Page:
Financial stability in the Eurozone: where do we stand?
AbstractAt the start of the EMU, concerns about fiscal and monetary stability dominated the academic debate. In contrast, financial stability issues were largely overlooked. Since then, more attention has been paid to the implications of the EMU for financial regulation and supervision and to the drawbacks of government involvement in the domestic financial sector, both as owner and as debtor. This paper reassesses these issues and draws the following conclusions. Firstly, little progress has been made in centralizing financial supervision in the Eurozone. Secondly, with the exception of Germany, all Eurozone countries have made substantial progress in reducing state ownership in their banking systems. Thirdly, limited progress has been made in the reduction of bank exposures to domestic public debt. A continued retreat of governments from the financial sector is desirable, leaving bank ownership to the private sector, holdings of government debt to the public, and supervision to a specialized, independent European institution.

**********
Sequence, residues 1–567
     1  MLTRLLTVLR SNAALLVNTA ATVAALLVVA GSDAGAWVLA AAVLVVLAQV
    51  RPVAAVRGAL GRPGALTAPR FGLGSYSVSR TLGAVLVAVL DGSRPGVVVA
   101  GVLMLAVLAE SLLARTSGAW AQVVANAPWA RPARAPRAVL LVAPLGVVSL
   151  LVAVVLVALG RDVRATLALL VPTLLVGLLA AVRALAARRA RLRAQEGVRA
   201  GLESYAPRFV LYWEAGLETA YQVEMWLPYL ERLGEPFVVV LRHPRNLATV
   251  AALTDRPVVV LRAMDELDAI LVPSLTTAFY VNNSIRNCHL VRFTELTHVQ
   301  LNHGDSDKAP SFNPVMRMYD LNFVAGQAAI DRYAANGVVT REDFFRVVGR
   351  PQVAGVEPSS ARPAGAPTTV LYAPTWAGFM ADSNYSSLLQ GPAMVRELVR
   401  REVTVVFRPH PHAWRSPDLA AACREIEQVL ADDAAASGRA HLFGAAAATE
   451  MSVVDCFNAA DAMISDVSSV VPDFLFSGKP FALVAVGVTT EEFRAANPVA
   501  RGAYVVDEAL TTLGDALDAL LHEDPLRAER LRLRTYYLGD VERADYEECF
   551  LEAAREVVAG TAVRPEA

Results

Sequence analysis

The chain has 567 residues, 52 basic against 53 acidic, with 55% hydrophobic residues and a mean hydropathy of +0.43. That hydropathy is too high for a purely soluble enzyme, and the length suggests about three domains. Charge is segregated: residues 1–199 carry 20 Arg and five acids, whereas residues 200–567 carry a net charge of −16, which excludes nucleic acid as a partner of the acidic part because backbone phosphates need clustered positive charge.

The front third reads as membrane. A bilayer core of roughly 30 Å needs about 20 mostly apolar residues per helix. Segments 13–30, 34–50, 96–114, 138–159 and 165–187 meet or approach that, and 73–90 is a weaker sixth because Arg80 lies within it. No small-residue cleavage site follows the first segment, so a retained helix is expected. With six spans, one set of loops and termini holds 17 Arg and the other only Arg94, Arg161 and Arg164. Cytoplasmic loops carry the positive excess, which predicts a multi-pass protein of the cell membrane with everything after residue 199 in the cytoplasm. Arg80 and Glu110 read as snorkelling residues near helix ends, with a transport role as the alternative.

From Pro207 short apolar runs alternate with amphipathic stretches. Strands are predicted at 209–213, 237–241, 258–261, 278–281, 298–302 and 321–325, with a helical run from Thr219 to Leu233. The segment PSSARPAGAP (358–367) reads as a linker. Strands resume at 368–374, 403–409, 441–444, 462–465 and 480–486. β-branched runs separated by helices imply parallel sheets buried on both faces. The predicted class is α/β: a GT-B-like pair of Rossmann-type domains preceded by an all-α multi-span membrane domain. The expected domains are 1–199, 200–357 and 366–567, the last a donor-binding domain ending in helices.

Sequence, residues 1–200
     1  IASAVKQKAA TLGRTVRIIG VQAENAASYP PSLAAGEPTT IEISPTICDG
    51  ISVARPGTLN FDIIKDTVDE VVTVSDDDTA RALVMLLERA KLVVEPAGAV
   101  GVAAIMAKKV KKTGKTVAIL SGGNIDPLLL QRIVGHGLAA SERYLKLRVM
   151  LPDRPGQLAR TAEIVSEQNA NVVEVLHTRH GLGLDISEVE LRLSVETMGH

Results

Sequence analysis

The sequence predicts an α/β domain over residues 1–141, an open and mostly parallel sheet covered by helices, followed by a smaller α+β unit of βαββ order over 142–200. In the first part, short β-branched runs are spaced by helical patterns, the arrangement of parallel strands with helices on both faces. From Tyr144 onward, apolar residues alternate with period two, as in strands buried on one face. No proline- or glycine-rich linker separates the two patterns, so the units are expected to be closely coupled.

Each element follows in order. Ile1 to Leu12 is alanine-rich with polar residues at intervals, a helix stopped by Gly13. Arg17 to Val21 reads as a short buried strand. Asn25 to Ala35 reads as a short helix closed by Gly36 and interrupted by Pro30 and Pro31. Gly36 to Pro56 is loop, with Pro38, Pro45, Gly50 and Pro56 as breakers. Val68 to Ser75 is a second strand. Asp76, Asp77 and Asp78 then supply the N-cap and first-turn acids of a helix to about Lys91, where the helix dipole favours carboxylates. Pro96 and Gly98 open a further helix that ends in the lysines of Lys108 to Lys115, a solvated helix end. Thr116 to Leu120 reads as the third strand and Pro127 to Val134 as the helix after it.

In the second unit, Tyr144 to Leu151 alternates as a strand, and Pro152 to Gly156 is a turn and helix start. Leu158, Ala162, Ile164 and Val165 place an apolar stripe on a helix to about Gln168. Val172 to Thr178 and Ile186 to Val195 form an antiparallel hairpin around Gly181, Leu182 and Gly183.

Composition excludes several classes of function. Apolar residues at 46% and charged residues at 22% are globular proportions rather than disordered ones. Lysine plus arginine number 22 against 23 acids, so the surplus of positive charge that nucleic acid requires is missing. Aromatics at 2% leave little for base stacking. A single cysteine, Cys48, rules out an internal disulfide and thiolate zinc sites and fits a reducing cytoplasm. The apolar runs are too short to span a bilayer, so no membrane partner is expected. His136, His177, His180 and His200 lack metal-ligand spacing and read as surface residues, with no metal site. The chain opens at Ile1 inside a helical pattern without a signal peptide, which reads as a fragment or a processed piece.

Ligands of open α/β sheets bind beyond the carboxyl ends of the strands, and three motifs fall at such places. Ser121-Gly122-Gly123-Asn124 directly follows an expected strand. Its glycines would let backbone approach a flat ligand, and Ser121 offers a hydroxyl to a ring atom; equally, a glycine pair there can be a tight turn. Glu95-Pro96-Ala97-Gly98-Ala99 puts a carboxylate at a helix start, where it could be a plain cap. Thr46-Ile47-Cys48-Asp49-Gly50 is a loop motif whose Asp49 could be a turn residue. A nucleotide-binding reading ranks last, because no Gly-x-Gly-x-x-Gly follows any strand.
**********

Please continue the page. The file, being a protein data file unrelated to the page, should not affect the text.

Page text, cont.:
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Bibliographic InfoArticle provided by Capco Institute in its journal Journal of Financial Transformation.
Volume (Year): 19 (2007)
Issue (Month): ()
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European Monetary Union; fiscal and monetary stability; financial supervision;
Find related papers by JEL classification:
- E42 - Macroeconomics and Monetary Economics - - Money and Interest Rates - - - Monetary Sytsems; Standards; Regimes; Government and the Monetary System
- E60 - Macroeconomics and Monetary Economics - - Macroeconomic Policy, Macroeconomic Aspects of Public Finance, and General Outlook - - - General
- F15 - International Economics - - Trade - - - Economic Integration
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- Arnold, Ivo J.M., 2012. "Sovereign debt exposures and banking risks in the current EU financial crisis," Journal of Policy Modeling, Elsevier, Elsevier, vol. 34(6), pages 906-920.
- Aerdt Houben & Iskander Schrijvers & Tim Willems, 2008. "The Supervision of Banks in Europe: The Case for a Tailor-made Set-up," DNB Occasional Studies 604, Netherlands Central Bank, Research Department.
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